Will VA Now Help Kill the Electoral College?

Where the National Popular Vote Compact stands: Passed in 16 states, passed one chamber in seven more.  Source: National Popular Vote

By Steve Haner

Add this to the pile of really bad ideas that now have a chance to pass in New Blue Virginia: Allowing California and New York to decide how to cast Virginia’s electoral votes.

Since millions who slept through government class were stunned to learn in 2016 that the popular vote doesn’t pick a president, efforts have been growing to bypass the Electoral College process. According to the folks at National Popular Vote, sixteen states with 196 electoral votes have voted to dis-enfranchise their people, and in several others at least one legislative chamber has agreed.

The Virginia General Assembly simply ignored House Bill 2422 during the 2019 Session. Its three sponsors, Northern Virginia Democrats Mark Levine, Kay Kory and Marcus Simon, will surely be back with a longer list of sponsors for 2020, and a House Privileges and Elections Committee with a Democratic majority. 

This is an end run around the United States Constitution, which has included the Electoral College process since its 1787 drafting. It was the feared electoral punch of then-massive Virginia (compared to the other states at the time) that led the founders to this compromise. What irony if the Virginia General Assembly was the deciding vote to send the idea to the dustbin of history.

It is also an end run around the usual process to amend the Constitution. Why take that trouble? What if states simply agreed on their own to award their Electoral College votes to the winner of the national popular vote?

According to that failed Virginia bill, the interstate compact doesn’t even require a majority of states to agree to take effect. It only requires agreement in states with more than a majority of electoral votes to trigger the plan. That is way simpler than getting two-thirds of the state legislatures to approve (ask the ERA folks.) States with 74 more electoral votes are required, and the states where it has passed one chamber already would be sufficient.

The assumption of course is that Virginia voters won’t mind or really notice, since it has given its electoral votes to the same party three elections in a row now, with conventional wisdom predicting the same for 2020. But how will those same voters feel if the situation reverses, a Republican wins the popular vote but is on the knife’s edge in the Electoral College? Suddenly Federalism will enjoy a rebirth, even here in New Blue Virginia.

There apparently are a fair number of Democrats who understand the downside of this idea, and not just those in the smaller states that would suddenly become sideshows in a national campaign. (Vermont approved this. Are they crazy?) And oddly there are some Republicans attracted to this idea.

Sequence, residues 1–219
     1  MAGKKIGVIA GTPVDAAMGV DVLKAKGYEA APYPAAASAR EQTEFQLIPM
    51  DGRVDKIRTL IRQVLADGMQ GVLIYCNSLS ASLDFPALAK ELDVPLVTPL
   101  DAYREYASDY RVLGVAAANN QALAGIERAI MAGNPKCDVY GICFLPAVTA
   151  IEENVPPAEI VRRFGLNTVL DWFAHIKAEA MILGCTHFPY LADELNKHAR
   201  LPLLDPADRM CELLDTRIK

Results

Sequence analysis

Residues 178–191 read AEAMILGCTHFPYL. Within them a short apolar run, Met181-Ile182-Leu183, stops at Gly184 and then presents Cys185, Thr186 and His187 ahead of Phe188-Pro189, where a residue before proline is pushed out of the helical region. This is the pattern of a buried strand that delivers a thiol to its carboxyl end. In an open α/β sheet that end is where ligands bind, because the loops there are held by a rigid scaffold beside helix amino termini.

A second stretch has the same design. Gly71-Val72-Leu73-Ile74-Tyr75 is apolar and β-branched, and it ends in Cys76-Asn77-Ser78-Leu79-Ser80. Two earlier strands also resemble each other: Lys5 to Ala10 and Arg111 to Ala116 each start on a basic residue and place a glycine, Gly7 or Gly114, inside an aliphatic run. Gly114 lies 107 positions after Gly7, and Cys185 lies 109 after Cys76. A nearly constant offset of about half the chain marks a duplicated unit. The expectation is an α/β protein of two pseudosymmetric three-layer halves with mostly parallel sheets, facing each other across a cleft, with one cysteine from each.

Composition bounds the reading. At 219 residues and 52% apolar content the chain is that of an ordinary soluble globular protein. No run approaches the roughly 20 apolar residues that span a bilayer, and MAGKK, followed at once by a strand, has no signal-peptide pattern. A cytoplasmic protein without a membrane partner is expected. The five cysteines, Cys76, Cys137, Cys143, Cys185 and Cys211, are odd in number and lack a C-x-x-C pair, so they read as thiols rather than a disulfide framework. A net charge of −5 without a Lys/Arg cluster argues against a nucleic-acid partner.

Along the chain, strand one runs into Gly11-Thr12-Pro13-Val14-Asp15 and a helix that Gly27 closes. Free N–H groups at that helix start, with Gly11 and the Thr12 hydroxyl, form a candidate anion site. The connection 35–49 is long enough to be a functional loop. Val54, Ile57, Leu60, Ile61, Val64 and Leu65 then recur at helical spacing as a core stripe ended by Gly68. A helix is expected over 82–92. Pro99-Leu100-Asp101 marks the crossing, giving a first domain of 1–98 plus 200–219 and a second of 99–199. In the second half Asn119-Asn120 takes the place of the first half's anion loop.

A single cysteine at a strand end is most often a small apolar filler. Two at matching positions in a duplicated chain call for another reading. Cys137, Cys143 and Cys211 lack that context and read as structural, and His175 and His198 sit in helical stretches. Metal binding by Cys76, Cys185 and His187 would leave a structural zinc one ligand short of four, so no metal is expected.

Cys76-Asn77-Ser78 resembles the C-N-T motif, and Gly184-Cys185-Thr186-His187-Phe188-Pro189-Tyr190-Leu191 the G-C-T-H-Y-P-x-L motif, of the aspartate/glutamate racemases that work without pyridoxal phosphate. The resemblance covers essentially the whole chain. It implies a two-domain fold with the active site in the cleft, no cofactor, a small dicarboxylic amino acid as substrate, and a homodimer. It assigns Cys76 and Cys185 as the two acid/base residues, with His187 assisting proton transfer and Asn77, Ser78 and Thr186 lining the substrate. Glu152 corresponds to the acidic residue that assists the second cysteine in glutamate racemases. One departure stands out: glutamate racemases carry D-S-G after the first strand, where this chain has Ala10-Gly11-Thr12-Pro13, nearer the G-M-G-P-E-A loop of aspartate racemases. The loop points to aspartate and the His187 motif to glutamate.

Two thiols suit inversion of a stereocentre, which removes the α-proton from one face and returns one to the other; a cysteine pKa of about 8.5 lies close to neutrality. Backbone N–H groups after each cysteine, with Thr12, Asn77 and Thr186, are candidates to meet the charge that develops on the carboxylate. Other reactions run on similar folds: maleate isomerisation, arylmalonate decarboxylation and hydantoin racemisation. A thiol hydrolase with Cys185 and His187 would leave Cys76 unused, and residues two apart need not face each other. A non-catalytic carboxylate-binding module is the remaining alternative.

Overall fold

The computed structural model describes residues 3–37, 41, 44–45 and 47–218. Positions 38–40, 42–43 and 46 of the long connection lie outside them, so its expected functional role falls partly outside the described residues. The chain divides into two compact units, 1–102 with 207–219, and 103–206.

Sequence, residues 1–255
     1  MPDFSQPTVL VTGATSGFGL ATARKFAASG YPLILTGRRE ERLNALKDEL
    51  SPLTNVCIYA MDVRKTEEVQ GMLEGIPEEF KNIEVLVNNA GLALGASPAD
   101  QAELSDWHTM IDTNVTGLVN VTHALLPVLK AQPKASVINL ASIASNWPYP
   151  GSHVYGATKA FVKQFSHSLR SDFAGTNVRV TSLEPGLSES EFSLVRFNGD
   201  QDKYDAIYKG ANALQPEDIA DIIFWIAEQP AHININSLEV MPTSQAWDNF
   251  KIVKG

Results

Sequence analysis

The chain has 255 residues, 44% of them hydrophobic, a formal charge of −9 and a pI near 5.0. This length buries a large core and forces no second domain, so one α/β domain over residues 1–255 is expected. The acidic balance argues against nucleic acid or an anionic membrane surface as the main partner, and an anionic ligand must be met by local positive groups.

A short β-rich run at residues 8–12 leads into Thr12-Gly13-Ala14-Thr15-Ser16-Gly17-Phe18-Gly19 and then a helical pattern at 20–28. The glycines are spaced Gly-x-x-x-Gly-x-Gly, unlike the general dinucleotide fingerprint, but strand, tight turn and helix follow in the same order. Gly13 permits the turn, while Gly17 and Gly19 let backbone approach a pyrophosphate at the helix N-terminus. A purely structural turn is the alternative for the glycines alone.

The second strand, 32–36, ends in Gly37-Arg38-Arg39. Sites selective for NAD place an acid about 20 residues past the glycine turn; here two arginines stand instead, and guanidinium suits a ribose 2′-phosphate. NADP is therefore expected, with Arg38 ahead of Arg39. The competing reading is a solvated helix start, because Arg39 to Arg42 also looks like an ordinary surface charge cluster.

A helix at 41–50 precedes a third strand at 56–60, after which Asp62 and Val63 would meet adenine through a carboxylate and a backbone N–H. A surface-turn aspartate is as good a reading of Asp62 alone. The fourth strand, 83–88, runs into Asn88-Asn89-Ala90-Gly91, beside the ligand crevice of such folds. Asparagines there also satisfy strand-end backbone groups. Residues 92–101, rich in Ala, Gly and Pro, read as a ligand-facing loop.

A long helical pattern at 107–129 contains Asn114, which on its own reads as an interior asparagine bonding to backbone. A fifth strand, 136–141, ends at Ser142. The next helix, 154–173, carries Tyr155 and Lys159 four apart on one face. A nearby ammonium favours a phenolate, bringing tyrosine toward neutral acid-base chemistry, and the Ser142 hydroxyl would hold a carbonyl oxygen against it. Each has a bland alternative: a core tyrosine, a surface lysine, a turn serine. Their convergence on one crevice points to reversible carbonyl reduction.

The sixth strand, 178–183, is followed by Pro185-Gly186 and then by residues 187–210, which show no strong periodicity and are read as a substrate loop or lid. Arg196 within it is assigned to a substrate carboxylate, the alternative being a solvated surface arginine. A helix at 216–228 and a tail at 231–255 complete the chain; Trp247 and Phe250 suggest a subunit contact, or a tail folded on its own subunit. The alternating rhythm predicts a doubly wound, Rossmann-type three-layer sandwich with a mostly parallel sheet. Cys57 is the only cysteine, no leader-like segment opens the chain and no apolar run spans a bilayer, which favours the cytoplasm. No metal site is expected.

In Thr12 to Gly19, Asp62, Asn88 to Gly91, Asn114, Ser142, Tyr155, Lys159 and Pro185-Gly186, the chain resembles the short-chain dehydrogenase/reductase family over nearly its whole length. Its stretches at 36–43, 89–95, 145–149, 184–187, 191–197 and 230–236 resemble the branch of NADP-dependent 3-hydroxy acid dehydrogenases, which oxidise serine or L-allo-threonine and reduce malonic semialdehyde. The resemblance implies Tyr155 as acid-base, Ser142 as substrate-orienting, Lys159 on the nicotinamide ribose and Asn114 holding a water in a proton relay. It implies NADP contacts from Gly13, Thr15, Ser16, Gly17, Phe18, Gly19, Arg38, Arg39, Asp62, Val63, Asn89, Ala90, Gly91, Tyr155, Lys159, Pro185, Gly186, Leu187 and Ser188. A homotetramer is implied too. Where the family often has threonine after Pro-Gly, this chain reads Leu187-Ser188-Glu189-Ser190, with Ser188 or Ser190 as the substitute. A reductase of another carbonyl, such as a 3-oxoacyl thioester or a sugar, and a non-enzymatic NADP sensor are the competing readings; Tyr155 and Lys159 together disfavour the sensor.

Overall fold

The organized opposition comes from a group called Save our States, with their argument summarized in this article in The Hill a few months back. Author Sean Parnell paints a grim picture:

It would be the Florida 2000 recount all over again any time the election was thought to be close, except on a vastly larger scale with lawsuits in most, if not all, of the nearly 4,500 counties and townships that administer elections.

He reports at least one state, Colorado, is rethinking its position and plans to ask its voters about the idea in a 2020 referendum. He is right that a side effect of the compact would be pressure on states to go to a uniform voting process, rather than the variety of rules we see now.

More popular with Virginia Republicans is another approach, to award Virginia’s electoral votes by congressional district. The 2019 House Joint Resolution 627 and Senate Bill 1002 would give two electoral votes to the candidate who won statewide, but then divide the rest based on the congressional district outcomes. Was that an admission the Republican sponsors see no chance of a future GOP win for a presidential candidate who will need all 13 Virginia electors? Save Our States takes no position on how states allocate their electoral votes internally.

Both are bad ideas. It really was the Miracle of Philadelphia, with the Electoral College one of the provisions intentionally creating a federal republic and not a democracy. James Madison and other founders, fearing unchecked democracy, understood that. But in a country where we dare not even name a school for Madison, how long can respect for his wisdom abide?